Eversheds Sutherland 11th Circuit Business Blog
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Eleventh Circuit Joins Majority of Circuits in Holding That FAA Prohibits Pre-Hearing Discovery From Non-Parties

After twenty years of litigation in Managed Care Advisory Group, LLC v. Cigna Healthcare, Inc., 2019 WL 4464301 (Sept. 18, 2019), the Eleventh Circuit issued a per curiam opinion reversing the enforcement of arbitral summonses and holding that the FAA implicitly withholds the power to compel documents from non-parties without summoning them to testify. Beginning in 1999, medical...

SCOTUS Business Cases This Term (Part 2 – Arbitration)

The Court has several arbitration-related cases before it this term.  Lamps Plus, Inc. v. Varela concerns whether the FAA permits a state-law interpretation of an arbitration agreement that finds a contractual basis for class arbitration without class arbitration’s being specifically mentioned.  New Prime, Inc. v. Oliveira involves the FAA’s exception for “contracts...

Availability of Class Arbitration Is a “Question of Arbitrability” to Be Decided by a Court Absent a “Clear and Unmistakable Intent” to Delegate Arbitrability Questions to an Arbitrator

For the second time in as many months, the Eleventh Circuit addressed the question of who—a court or an arbitrator—decides whether an arbitration agreement allows for class arbitration. The court faced this question just last month in Spirit Airlines, Inc. v. Maizes, 899 F.3d 1230 (11th Cir. 2018), but its more recent decision in JPay, Inc. v. Kobel, 2018 WL 4472207 (11th Cir. Sept....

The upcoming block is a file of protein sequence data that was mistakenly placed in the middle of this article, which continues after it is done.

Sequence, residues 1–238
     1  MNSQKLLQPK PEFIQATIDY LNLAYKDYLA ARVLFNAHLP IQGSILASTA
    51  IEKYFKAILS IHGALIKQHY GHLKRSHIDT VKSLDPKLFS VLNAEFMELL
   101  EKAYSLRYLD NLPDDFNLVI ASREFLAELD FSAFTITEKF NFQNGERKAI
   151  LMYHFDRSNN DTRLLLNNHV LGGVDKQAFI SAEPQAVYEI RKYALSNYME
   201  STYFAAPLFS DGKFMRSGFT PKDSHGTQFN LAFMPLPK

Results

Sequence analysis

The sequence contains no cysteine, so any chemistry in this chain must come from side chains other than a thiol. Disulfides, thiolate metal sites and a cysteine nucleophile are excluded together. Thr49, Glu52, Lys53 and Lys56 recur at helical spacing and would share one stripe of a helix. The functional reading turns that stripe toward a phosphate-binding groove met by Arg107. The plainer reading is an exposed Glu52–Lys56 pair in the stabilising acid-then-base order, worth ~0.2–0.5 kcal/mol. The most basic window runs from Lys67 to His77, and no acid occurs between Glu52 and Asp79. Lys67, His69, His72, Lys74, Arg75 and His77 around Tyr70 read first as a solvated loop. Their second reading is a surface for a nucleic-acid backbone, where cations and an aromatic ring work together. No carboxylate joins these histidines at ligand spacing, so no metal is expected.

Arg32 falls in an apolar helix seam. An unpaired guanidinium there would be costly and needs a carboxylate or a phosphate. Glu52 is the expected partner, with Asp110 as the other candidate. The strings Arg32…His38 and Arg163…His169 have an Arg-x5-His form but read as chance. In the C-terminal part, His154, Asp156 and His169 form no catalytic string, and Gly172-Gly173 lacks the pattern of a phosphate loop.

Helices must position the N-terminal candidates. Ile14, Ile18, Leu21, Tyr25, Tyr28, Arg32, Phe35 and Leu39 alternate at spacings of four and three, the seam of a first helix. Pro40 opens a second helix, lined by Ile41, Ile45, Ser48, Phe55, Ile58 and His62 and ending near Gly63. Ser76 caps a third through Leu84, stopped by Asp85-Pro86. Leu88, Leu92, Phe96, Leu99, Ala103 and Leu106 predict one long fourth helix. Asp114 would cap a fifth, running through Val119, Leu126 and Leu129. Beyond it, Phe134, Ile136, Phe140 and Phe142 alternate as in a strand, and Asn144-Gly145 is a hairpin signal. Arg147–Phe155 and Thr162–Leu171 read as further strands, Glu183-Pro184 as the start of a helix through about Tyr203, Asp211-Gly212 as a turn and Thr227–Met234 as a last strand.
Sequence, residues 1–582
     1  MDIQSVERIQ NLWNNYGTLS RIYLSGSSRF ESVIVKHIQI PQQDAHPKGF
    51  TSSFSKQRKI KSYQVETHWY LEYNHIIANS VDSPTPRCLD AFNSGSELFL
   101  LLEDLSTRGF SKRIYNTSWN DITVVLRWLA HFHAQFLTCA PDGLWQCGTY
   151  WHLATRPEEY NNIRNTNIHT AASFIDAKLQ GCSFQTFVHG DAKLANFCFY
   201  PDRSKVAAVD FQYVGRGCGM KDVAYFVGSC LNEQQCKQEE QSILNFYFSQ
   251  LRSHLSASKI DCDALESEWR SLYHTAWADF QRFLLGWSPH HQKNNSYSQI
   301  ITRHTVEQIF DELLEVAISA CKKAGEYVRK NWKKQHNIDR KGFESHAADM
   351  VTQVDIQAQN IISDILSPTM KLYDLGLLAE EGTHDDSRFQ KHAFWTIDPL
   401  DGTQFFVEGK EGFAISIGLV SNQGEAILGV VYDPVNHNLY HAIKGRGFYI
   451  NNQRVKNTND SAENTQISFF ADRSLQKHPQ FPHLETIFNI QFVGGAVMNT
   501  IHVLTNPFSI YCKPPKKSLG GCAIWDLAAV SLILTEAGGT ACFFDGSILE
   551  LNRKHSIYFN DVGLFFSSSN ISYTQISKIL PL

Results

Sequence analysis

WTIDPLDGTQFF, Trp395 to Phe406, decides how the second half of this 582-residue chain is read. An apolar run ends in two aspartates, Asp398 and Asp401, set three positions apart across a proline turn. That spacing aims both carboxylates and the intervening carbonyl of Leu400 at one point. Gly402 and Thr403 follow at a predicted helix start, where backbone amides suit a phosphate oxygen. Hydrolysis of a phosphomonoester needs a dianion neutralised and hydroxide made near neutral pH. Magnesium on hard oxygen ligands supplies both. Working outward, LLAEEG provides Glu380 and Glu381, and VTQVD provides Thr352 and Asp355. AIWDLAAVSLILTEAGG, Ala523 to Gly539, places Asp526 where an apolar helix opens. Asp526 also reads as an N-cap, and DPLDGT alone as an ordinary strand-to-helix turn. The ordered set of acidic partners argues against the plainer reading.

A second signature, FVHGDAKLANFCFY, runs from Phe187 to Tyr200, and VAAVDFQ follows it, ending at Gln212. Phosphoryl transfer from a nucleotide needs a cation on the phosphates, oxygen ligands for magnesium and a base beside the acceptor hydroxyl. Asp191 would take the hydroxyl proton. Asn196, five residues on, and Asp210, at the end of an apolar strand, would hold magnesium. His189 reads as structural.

Spirited Court Widens Circuit Split Over Who Decides Class Arbitrability

In Spirit Airlines, Inc. v. Maizes, 2018 WL 3866335 (11th Cir. Aug. 15, 2018), the Eleventh Circuit concluded that an arbitration agreement providing that the rules of the American Arbitration Association (“AAA”) will cover all disputes constitutes clear and unmistakable evidence that the parties intended for an arbitrator to decide whether class arbitration is available. Members of a...

A Default in Proceeding with Arbitration Does Not Necessarily Authorize a Default Judgment in Federal Court

In Hernandez v. Acosta Tractors Inc., 2018 WL 3761126 (11th Cir. Aug. 8, 2018), the Eleventh Circuit held that a party’s default in proceeding with arbitration after requesting it did not necessarily warrant entry of default judgment against that party in federal court. Julio Hernandez sued his former employer, Acosta Tractors, and two of its officers under the Fair Labor Standards...

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